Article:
The first time, I found Goeth quite distractingly broad.  And, despite Spielberg's clear intent to mirror the kindly Schindler with the demon of Plaszow, I really wasn't having it.  Schindler, after all, is the ordinary man (albeit an extraordinary schmoozer), who walked into an immoral world with selfish intentions, but soon discovered that his practiced amorality was only skin deep, and so chose to do good.  A mirror to Schindler would be an ordinary man who walked into an immoral world with selfish intentions, and did evil.  But Goeth?  He's just crazy.  (And this is made particularly clear by the way he goes around "pardoning" the innocuous follies of his Jewish slaves, after Schindler has tried to educate his morals; it is, if not more horrifying than his typical behavior, almost more perverse—for we know it shall not be very long at all before he gives up on the endeavor and returns to evil with full force.)

On a second watch, while the attempt to make a dichotomy of the two remains a (qualified) failure, Goeth still remains an enormously good foil for Schindler personally.  Neither his dark twin, nor really a very effective obstacle, nor in any sense an individual human being, Goeth nevertheless excels at being one thing: the personification of Nazi Germany.  Thus is Goeth mad and awful and (frankly) somewhat incompetent, and if there is one thing that is not appreciated enough about List, it's how sharply it depicts the Reich as an incredibly corrupt and poorly-run place that belied all the promises of fascist efficiency.  Where else in the world could Schindler have been successful in his quest?  Indeed, where else could Schindler have been successful, period?  The man is a consummate parasite.  And part of his journey of self-discovery is realizing exactly what he's always been.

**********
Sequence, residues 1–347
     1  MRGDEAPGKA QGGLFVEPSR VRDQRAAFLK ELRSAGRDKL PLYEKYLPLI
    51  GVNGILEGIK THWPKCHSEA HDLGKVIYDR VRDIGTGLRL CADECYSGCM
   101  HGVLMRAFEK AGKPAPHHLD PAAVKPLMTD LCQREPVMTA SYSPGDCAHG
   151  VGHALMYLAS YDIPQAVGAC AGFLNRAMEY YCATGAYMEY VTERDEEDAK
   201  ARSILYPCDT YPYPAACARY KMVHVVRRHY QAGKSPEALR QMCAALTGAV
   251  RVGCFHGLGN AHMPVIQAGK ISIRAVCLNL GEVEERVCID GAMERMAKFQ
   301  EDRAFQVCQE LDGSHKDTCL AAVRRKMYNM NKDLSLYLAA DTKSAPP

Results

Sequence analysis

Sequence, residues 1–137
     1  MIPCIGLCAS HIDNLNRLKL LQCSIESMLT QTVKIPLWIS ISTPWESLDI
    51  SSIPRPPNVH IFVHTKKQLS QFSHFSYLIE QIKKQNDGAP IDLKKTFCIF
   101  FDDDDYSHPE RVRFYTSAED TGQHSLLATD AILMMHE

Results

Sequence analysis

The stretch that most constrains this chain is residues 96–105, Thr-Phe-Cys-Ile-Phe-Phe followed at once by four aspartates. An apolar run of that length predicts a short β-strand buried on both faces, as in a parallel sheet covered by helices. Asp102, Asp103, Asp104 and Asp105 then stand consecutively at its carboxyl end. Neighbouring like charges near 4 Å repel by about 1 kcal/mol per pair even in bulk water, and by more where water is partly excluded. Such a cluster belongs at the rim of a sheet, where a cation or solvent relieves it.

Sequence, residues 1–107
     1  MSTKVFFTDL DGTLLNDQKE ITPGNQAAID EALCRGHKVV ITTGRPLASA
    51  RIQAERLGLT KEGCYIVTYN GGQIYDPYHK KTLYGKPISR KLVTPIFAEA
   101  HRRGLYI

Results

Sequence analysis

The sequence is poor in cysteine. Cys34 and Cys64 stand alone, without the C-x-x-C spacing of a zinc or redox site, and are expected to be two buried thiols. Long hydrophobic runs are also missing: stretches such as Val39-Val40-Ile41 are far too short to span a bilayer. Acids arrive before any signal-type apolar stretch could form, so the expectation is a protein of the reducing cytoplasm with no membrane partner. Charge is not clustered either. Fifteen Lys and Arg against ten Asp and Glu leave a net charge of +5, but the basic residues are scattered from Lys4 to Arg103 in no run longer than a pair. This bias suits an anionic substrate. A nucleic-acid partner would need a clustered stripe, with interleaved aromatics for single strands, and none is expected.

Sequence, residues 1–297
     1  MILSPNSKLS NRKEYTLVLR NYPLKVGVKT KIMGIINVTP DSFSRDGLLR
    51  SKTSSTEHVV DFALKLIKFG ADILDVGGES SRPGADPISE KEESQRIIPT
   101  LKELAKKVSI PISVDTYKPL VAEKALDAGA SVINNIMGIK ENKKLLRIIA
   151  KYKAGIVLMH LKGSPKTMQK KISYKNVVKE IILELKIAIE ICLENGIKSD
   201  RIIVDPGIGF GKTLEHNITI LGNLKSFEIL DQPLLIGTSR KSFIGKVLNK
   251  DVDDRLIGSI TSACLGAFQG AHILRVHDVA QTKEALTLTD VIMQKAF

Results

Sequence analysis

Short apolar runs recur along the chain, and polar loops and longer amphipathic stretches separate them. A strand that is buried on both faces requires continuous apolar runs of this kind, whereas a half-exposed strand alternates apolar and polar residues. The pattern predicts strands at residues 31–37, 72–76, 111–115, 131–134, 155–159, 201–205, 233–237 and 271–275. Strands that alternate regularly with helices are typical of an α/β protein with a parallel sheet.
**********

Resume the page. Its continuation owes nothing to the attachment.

Rather than played, I prefer to describe Schindler as "incarnated."  (And, if the last shot of the film is any indication, Spielberg agrees.)  Liam Neeson's Oskar Schindler is a performance that I can't imagine he's ever bettered; it's a nuanced thing, given room to breathe and to change in the most gradual and organic ways, over the course of six years (and three hours), and it is what drives home the annihilating, weepy climax that is Spielberg at his most Spielbergian, and which I treasure more than anything else in the picture.

And so Schindler's List, I guess, really is the Holocaust movie for Gentiles.  It is a fantasy for us: a moral fable which lets us hope against hope that, had we had found ourselves in the shoes of the ordinary German, we too would have been good, just like Schindler—who still did not do enough.

Score:  10/10